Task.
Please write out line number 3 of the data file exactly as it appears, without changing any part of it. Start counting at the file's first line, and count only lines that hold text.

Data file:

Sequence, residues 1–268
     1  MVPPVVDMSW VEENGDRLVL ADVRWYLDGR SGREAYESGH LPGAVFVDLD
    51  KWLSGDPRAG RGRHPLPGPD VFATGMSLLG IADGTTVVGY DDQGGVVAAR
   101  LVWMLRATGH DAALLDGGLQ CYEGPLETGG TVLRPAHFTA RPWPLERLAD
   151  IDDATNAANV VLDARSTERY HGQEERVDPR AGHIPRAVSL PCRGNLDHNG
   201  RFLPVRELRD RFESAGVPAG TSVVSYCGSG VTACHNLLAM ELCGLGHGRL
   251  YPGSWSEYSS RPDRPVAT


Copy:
    51  KWLSGDPRAG RGRHPLPGPD VFATGMSLLG IADGTTVVGY DDQGGVVAAR